The bishop of the capital of the civil province gradually acquired somewhat more weight than his colleagues in the other cities of the province. He was the metropolitan, the bishop of the metropolis, and the other bishops were his suffragans. In the sphere of law, the metropolitan was the court of appeal from other diocesan tribunals. And it was the metropolitan who ordained the new bishops of his province. It was also he who presided over the provincial councils – the assembly of bishops of the region – which the first council of Nicaea laid down (though it was something not very well kept) had to meet twice a year.
6. The Christianization of the Empires
The division of the empire into two parts – east and west – which occurred towards the end of the fourth century and which was later to lead to the formation of two separate empires, had deep effects on the life of the Church. The western part – which more or less coincided with regions Latin in culture and language – had only one Apostolic see, that of Rome. Consequently the bishop of Rome was also known as the patriarch of the west. In the eastern part (Greek, Syrian and Coptic in culture) there were a number of great sees founded by Apostles (Alexandria, Antioch, and Jerusalem) and these headed up patriarchates, that is, very extensive ecclesiastical jurisdictions.
First council of Constantinople raised the see of the city to the rank of patriarchate and attributed to its bishop a primacy of honor in the Church immediately after the bishop of Rome, the reason being, it said, ‘that this city is the new Rome.’ On this basis (non-ecclesiastical in character, but rather, political: the fact that it was the imperial capital) a new patriarchate was established which was destined to acquire undisputed pre-eminence among all the eastern patriarchates, especially after the council of Chalcedon.
Freedom, allowed the Church to structure itself in a more organized way, and it also allowed the primacy of the popes over the whole Church to operate more effectively. The great popes of the fourth and fifth centuries – Damasus, Leo the Great, Gelasius – strove to specify exactly the dogmatic basis of the Roman primacy – the primacy granted by Christ to Peter, whose only legitimate successors were the popes. From the fourth century onwards, the Roman primacy was exercised very energetically over the churches of the west: the popes intervened time and again, through decretal letters or via legates and vicars.
In the east, a great council (that ofSardica, 343-344) recognized the right of any bishop in the world to have recourse to the bishop of Rome as final court of appeal. But the general tendency was towards a strengthening of the jurisdictional autonomy of the patriarchates, especially that of Constantinople. The attitude of the Christian east towards Rome after the council of Chalcedon might be summed up this way: attribution to the bishop of Rome of the primacy of honor in the whole Church; recognition of his authority in the area of doctrine; but a lack of awareness of any papal disciplinary or jurisdictional authority over the eastern churches.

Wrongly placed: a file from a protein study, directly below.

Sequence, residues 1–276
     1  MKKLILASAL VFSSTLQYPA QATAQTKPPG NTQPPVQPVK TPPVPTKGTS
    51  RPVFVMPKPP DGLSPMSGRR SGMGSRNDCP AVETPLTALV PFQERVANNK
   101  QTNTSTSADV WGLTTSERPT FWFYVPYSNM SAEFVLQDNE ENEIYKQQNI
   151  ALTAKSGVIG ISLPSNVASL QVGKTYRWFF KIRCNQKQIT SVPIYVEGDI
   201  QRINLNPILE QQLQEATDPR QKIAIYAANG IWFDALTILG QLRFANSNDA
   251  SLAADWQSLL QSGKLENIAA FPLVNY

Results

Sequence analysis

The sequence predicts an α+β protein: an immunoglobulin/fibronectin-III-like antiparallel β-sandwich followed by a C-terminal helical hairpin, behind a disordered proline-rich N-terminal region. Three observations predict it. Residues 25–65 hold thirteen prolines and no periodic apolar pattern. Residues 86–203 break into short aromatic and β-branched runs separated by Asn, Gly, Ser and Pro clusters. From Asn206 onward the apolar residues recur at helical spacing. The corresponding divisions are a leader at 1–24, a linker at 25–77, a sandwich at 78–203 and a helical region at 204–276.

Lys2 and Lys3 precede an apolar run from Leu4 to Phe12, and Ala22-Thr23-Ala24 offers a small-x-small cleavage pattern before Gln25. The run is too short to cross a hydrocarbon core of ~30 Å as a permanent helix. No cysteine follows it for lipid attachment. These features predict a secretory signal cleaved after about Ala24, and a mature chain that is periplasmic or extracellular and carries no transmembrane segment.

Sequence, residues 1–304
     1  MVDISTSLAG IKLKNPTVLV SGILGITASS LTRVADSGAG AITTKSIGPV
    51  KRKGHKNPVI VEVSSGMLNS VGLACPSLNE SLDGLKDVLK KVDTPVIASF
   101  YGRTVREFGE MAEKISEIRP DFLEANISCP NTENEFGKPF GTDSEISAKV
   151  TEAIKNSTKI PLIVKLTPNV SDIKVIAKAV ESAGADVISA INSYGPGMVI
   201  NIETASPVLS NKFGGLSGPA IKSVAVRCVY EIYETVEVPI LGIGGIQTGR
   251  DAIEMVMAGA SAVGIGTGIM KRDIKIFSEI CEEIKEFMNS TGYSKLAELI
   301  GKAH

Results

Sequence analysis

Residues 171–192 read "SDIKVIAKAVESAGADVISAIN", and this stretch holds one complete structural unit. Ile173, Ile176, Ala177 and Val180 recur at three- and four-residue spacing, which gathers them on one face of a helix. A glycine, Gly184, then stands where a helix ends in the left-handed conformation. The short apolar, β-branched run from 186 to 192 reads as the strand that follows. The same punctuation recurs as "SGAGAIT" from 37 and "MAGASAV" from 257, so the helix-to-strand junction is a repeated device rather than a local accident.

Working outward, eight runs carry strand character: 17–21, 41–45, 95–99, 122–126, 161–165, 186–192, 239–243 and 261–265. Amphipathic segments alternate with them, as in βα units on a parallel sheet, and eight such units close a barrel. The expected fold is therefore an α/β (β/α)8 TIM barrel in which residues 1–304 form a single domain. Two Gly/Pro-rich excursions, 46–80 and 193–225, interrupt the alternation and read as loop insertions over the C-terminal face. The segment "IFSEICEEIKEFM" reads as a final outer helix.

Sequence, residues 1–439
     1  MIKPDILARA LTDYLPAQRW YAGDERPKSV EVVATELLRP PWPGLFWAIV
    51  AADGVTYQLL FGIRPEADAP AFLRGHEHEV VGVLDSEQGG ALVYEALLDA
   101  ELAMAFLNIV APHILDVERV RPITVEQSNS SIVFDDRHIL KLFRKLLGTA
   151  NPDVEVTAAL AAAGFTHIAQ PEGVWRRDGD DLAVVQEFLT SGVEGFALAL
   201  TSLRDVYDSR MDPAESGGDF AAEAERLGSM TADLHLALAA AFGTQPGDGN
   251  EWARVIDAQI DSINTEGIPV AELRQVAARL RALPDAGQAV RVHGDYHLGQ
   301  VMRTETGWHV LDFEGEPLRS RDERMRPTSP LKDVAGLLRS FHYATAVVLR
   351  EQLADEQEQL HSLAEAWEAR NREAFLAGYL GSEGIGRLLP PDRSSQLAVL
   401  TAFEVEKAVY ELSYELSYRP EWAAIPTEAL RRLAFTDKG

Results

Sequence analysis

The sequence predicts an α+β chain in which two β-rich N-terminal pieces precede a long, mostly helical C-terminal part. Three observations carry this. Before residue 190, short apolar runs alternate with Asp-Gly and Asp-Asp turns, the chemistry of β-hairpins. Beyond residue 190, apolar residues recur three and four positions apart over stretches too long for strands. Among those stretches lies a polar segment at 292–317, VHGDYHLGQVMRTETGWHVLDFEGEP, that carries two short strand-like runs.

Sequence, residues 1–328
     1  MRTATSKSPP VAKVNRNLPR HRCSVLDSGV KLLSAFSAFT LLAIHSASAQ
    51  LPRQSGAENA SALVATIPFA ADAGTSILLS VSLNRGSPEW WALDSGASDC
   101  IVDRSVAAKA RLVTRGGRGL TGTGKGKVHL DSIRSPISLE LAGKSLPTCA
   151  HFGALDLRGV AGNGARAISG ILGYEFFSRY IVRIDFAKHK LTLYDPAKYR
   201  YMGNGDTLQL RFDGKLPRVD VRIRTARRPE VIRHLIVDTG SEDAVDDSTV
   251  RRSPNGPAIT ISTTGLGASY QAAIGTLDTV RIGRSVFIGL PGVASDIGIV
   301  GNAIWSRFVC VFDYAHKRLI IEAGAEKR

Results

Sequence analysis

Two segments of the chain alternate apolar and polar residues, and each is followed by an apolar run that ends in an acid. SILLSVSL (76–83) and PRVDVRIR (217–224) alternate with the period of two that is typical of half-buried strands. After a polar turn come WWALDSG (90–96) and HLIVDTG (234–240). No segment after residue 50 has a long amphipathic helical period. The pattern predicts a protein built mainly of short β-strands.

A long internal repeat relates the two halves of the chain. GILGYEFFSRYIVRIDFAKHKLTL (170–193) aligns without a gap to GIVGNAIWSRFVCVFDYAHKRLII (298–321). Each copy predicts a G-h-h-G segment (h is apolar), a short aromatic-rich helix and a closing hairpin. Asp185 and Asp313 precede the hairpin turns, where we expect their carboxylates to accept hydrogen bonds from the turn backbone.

Under the Christian Roman empire it was possible to hold great ecclesiastical assemblies (a genuine expression of the catholicity of the Church), which were given the name of ecumenical (world-wide) councils. Eight such synods took place between the fourth century and the ninth century, the first four of which are recognized as being particularly important – First Nicaea (325), Constantinople (381),Ephesus (431) and Chalcedon (451). All the councils were held in the Christian east, and most of the bishops who took part in them were from the east.
Normally, the councils were convoked by the emperor, the only authority capable of providing the facilities needed for huge gatherings of this type; in some cases the emperor convoked the council at the pope’s request and the papal legates occupied a position of honor in the council hall. Recognition of the ecumenical character of a great council was based on its reception by the Church as a whole as expressed particularly by papal confirmation of its canons and decrees.
The freedom of the Church and the conversion of the ancient world brought on to the scene a new factor which was to be particularly important in the future – the Christian emperor. Although he was simply a layman in the hierarchical order, the Christian emperor was keenly conscious of his role as defender of the Church and fosterer of Christian order in society – a role which Constantine attributed to himself when he assumed the title of ‘bishop of the outside world’.
The Christian emperors undoubtedly rendered great services to the Church, but they also interfered in ecclesiastical affairs to such extent that abuses occurred; extreme abuse of this type was termed ‘caesaropapism.’ These abuses were particularly serious in the churches of the east. In the west, the authority of the papacy, the weakness of western emperors and the distance between them and the east helped safeguard the independence of the Church. The relationships between the spiritual power and the temporal power, their harmonious cooperation, and the mission of the Christian emperor were discussed by many Fathers of the Church and especially by Pope Gelasius I in a letter to Emperor Anastasius.
The Christian emperor’s role as protector of the Church was regarded as so necessary during the centuries of transition from the ancient world to the middle ages that, when the emperors of the east ceased to provide the bishops of Rome with this protection, the popes looked to the kings of the French to take over this role.
Source: Jose Orlandis (A Short History of the Catholic Church, 2001)